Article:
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Weaning Myths Answered

For Aisha's award- winning child nutritionist, Priya Tew, debunks the biggest weaning myths

There are a number of myths when it comes to a baby’s diet and weaning, and as a parent it can be very hard to know what to believe. Here, Priya Tew, For Aisha’s award-winning nutritionist, clears up some of the most common myths and hopefully puts some of these unhelpful ideas to bed so parents can focus on enjoying precious experiences with their little ones.

“Babies shouldn’t play with their food.”
Weaning is the perfect time for little ones to learn about textures, to practise their pincer grip, to pick things up and see what happens when things are dropped. Whilst it can be a messy business, it’s good to let babies play with their food!

“Weaning will help my little one sleep through.”
Sadly, this just isn’t true. Babies wake for many reasons that can be unrelated to food. They can be unsettled, thirsty, have a dirty nappy or just want a cuddle. Weaning your little one is not likely to help with their sleeping pattern, however as your baby moves into toddlerhood, they may need an evening snack to help them settle at night. There are also sleep regression stages that happen, so if your little one is suddenly not sleeping this can be due to a developmental reason; such as learning to crawl or stand up in their cot.

“Rusks are an ideal finger food.”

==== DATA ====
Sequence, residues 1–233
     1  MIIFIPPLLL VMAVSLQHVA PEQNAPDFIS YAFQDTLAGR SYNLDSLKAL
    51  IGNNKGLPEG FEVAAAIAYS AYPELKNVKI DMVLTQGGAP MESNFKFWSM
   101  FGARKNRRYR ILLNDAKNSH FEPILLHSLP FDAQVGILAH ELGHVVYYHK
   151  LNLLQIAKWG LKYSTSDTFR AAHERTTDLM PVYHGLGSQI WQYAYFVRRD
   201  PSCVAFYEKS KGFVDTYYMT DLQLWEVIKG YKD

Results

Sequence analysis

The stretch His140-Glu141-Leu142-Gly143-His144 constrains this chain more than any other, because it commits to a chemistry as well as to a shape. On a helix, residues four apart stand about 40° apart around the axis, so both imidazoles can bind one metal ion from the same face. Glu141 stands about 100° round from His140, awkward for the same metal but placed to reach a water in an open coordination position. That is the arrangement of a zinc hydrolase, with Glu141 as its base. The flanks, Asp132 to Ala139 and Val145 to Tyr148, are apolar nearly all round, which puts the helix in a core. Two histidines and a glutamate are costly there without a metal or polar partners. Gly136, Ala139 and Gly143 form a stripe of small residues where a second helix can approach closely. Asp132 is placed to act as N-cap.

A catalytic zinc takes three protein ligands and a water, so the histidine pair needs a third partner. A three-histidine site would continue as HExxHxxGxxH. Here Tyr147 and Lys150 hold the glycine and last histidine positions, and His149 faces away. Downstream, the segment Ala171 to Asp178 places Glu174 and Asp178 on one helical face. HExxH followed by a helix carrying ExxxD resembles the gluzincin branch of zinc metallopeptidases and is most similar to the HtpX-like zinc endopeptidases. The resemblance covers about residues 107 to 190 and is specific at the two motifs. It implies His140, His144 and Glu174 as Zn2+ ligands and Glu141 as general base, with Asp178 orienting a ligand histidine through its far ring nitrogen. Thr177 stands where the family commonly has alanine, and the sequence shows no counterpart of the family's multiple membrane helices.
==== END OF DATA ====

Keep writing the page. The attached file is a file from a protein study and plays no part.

Rusks were commonly given to babies years ago, so you yourself may have been weaned on them. However, we now know they aren’t the ideal food as one of the main ingredients is sugar- which is not good for those developing teeth. Instead, try these options for finger foods: steamed vegetables, soft fruit, rice cakes with hummus, or cut up boiled eggs.

“Supplements aren’t needed.”
Everyone in the UK should take a vitamin D supplement including babies from birth. It is also recommended to give little one’s vitamins A and C from 6 months to 5 years of age. These supplements can be taken as a liquid and help to ensure your little one is getting all the essential vitamins that they need.

“Weaning babies should be given one new food to try every 3 days.”
This only applies to potential allergens such as peanuts and sesame, which need to be introduced slowly and gradually into your baby’s diet so it’s easier to pinpoint if a food is causing a reaction.

“Babies cannot chew without teeth.”
Whilst this sounds logical, in actual fact babies have hard gums and are able to mash and break food up using them. If you have ever put your finger in your little one’s mouth and had them munch down you will know how strong their bite can be! So you do not need to wait for them to have enough teeth to be offering finger foods.

“Sweet foods should be kept until the end of a meal.”
Babies can definitely have a preference for sweeter foods, so it is important to offer a range of flavours and tastes to help them broaden their palates. However, sweeter foods can be served up with the main meal, giving your little one the choice of when and how they want to eat. Having to eat your savoury food to get to the sweeter dessert can make dessert seem like it is the prize. Instead, all foods should be seen as equal. So, offering fruit and yoghurt with dinner may look odd to start with but it helps your little one make their own choices.

As you can see, there are a variety of food myths and some of them are not very helpful. It’s important to remember that every child is different, and routines will differ from home to home. The most important thing to remember is to trust your gut, and if you have any questions at all about your little one’s weaning habits consult your health visitor or GP.